Rajem found the strength to lift his gaze to Keil’s own. His face was silent, paling, but the eyes maintained their fire, along with the addition of something new…disappointment.

The assassin turned away, even while driving the edge of one sword down and into the other’s neck. He did not savor the kill. As soon as the blow was delivered, he turned himself around, allowing the continual rain to clean the blood from his blades before returning them to their sheaths.

With that done, he used both hands to ceremoniously pull his hood again up over his head, swallowing his argent hair in shadow. The raven fluttered down from its column perch and resumed its place atop his shoulder. Without a sound, shrouded within the hostile obscurity of the storm, he simply started away from the ruins, trying his best to not gaze up at the heavens less they present him with further signs of judgment.

He was becoming most disheartened by playing the role of the abject assassin. It was time to see his mentor. It was time to confront Meithcael, Overlord of Darnok Terien.

Identity is often forged through circumstance, forced and molded to fit a precise shape.
Those who ascend beyond circumstance forge for themselves their own identities, their own shape.
One must always be conscious of the role circumstance would have him play and the role he desires himself to fill. Adherence to circumstance, avoidance of defiance to its current, creates the most dreaded role of all…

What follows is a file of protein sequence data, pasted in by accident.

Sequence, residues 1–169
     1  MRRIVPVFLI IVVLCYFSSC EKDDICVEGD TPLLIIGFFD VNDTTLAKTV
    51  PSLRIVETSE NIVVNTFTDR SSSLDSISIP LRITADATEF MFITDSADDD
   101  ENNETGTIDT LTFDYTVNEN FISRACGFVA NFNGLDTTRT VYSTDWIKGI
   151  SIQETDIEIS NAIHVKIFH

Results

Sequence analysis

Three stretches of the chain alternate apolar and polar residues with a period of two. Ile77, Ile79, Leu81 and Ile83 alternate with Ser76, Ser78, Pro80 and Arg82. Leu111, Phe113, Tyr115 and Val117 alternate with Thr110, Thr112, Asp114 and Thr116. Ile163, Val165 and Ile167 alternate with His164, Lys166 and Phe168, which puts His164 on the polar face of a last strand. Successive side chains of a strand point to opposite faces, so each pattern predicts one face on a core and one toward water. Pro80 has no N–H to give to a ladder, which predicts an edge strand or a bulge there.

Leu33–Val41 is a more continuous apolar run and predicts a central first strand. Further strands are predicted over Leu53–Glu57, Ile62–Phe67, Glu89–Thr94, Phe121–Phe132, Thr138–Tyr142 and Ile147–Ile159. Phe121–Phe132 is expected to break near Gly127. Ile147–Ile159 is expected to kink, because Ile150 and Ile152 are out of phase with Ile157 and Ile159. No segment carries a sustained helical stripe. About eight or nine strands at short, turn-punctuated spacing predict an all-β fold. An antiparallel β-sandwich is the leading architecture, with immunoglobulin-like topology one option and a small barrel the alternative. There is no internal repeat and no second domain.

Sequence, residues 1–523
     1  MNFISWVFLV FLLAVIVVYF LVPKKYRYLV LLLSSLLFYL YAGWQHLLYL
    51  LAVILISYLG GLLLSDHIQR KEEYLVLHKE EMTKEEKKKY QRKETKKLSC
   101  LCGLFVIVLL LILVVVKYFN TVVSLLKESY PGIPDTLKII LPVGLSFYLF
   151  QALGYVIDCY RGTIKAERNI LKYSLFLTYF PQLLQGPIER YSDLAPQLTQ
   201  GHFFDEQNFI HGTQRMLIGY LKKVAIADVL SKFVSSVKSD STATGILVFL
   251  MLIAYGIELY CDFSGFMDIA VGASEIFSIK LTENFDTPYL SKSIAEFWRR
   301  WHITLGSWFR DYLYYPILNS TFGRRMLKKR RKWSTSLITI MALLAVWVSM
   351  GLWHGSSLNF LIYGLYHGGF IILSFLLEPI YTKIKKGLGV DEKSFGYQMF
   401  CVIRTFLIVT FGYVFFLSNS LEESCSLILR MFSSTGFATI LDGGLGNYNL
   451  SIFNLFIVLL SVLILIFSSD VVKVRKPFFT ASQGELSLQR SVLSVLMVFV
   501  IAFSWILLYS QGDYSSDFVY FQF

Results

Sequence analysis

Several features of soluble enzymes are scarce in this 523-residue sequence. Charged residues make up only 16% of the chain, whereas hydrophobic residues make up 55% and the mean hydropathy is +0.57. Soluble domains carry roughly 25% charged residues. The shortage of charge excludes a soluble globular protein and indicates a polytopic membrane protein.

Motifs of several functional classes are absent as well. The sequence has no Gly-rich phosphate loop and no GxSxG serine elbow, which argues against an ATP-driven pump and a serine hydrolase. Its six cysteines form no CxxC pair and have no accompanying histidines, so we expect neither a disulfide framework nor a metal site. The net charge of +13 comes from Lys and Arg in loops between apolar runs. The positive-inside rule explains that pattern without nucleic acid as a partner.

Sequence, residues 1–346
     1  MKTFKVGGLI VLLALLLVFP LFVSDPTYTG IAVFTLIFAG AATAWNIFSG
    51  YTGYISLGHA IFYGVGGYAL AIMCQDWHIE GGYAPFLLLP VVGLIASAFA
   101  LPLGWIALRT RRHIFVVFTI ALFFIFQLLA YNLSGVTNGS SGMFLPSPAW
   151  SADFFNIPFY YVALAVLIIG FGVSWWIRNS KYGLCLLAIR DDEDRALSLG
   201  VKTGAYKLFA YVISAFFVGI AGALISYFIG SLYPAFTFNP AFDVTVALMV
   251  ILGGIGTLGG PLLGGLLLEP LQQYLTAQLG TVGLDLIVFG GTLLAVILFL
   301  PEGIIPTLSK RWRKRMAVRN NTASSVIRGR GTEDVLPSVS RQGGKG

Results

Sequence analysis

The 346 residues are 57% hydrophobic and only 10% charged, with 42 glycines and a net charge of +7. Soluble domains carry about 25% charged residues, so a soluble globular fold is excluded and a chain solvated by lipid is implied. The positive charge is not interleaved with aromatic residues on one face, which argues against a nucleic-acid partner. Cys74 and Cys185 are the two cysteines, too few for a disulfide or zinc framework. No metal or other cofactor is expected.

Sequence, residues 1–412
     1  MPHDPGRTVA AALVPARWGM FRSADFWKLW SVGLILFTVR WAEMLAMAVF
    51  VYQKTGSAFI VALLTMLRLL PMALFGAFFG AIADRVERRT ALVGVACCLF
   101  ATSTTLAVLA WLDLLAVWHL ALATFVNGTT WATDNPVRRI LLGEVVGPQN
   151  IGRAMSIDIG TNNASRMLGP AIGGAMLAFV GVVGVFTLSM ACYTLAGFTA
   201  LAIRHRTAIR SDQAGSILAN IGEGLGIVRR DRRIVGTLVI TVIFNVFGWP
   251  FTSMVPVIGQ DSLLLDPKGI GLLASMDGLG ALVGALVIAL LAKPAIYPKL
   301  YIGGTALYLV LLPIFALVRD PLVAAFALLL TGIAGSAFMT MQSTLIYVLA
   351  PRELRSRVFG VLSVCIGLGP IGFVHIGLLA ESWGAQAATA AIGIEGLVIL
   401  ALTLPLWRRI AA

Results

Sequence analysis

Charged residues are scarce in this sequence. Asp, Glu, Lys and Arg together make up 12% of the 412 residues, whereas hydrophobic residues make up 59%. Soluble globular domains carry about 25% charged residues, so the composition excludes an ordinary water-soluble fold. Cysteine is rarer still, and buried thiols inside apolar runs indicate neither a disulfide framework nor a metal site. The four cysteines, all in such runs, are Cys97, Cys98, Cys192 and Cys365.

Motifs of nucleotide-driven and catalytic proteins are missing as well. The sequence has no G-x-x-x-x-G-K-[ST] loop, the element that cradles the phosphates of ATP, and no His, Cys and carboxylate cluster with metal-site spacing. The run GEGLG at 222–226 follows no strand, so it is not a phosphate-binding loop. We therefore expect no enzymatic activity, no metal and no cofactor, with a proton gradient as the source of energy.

…That of the slave.

-From “Repugnant Revelations” by the Dreamer of the Bloodied Blade and Shadow of Sorrow

Chapter 2:

Playing the Role

The Spire of the Storm,
Aragrach Jungle…

He walked through the narrow corridor of the Tower’s uppermost level, bathed in a darkness that was disturbed only by the intermittent flashes of lightning from the windows spanning the length of both walls. The Tower, constructed on the very edge of the expansive Aragrach jungles, was a tangible testament of his mentor’s power. Built of solid black stone, it loomed over the sprawling wilderness with such intimidating ferocity that the local tribes often referred to it as the Spire of the Storm.

Thunder was still a distant rumbling from faraway, but the folds of his cloak remained wet with the wrath of the fading storm. Shrouded in dreariness and misery, Keil marched on to the other end of the chamber, where waited his mentor and sponsor in the Order of Darnok Terien.

The human stood with his back turned to the approaching elf, his gaze fixed on the window before him, on the wilderness unfurling beyond. Lightning flashed, outlining his broad form, a nightmarish silhouette against a backdrop of savage illumination. Even at this distance, still several feet away, Keil could feel the poignant power pouring from the man’s flesh, wafting into the air with all the subtlety of a corpse’s rotting stench. He felt his limbs stiffen as he drew near to that terrifying power, to the sorcerer from which it pulsed. But time had forced him to become accustomed to the unease inflicted by his mentor’s presence, and so he managed to close the remaining distance and smoothly drop down to one knee.